‘Jennifer’s Body’ Is Strong Enough For A Man, But Made For A Woman

When I left the screening of “Jennifer’s Body,” I turned to my bestie and high-fived her. Why? Because this movie is for us girls. It’s strong enough for a man, but made for a woman. And lucky me, I got to talk to the director of “Jennifer’s Body,” the eloquent and outspoken Karyn Kusama, about the movie, why it’s made to speak to young women, Diablo Cody and so much more. In fact, our Q&A was so yummy it’s being split up into three parts, so be sure to keep your peepers peeled for more “JB” goodies and even some details on Kusama’s next project, which sounds like a doozy!

Many women were turned off by the initial red band trailer for “Jennifer’s Body,” which featured a sexy lip lock between Megan Fox and Amanda Seyfried, among other instances of typically tantalizing shots of Fox being foxy. Unfortunately, that type of stuff is usually not up to the folks behind the movie; it’s up to the marketing people instead.

“I don’t know if selling the film as a straight horror film and selling it primarily to boys is really going to do any of us any favors, frankly,” Kusama said. “But we’ll see. I’m really crossing my fingers that I am completely wrong and I really hope I am, you know. I really do.”

This is especially true because Kusama and Cody, who both wrote and executive produced the flick, are powerhouse ladies who made “Jennifer’s Body” especially for women. Sure, there’s gore aplenty, and Megan flaunts her tight tummy in what seems like every scene, but the real story is about the dynamic between her character and Seyfried’s character, Needy. The last snack on Jennifer’s list is Needy’s sweet boyfriend Chip, played by Johnny Simmons. So typical of high school girls, am I right?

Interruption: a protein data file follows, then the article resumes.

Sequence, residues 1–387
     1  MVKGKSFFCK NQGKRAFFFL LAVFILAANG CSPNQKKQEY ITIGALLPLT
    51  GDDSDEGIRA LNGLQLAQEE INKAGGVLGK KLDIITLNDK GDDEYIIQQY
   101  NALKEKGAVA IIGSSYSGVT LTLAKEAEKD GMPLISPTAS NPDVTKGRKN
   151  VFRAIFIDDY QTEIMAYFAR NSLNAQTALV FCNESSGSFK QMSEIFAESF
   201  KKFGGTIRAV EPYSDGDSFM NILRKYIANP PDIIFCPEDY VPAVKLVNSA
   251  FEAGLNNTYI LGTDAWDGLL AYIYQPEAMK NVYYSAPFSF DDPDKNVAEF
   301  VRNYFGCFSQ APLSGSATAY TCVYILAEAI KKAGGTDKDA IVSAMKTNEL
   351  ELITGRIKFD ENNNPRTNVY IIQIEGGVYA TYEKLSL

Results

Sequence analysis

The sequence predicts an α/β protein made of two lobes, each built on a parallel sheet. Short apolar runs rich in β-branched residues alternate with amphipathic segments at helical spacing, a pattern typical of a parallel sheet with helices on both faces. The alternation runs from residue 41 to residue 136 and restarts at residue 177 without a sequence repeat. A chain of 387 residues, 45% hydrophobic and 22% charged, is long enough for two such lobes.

“I think that concept, for instance, of Jennifer wanting what Needy has [just because Needy has it], that is so intrinsic to female relationships and I just think there are a lot of girls out there who maybe don’t know that this movie was made for them,” the director noted.

“And it’s not alienating to boys. I think boys will really enjoy it, but it makes me extremely, extremely frustrated to imagine that I have been working on this movie for nearly two years now and have committed this much time and energy because, precisely because I felt like if I were nineteen again, I would know someone was speaking to me and gave a s–t about my existence in the pop cultural landscape.”

It would definitely not be off base to place “Jennifer’s Body” squarely in the realm of alternative, angsty flicks like “Heathers” that tapped into the frustration and anger of being a teen in the ’90s.

“It’s a little tough sometimes to feel like things haven’t changed all that much in over 20 years, speaking for my nineteen-year-old self, and 20 years later, things seem as barren… for smart, complicated entertainment [made] for females that boys will also enjoy, you know? It gets under my skin, as you can see!” Tough words, but it’s no surprise that the woman who wrote and directed “Girlfight,” a movie all about a badass chick who takes up boxing, has plenty to say on women, movies and so much more.

What do you think, people? Are you heading out to see “Jennifer’s Body” this weekend? Are you more into the gore or the girls? Ladies, I especially want to hear from you!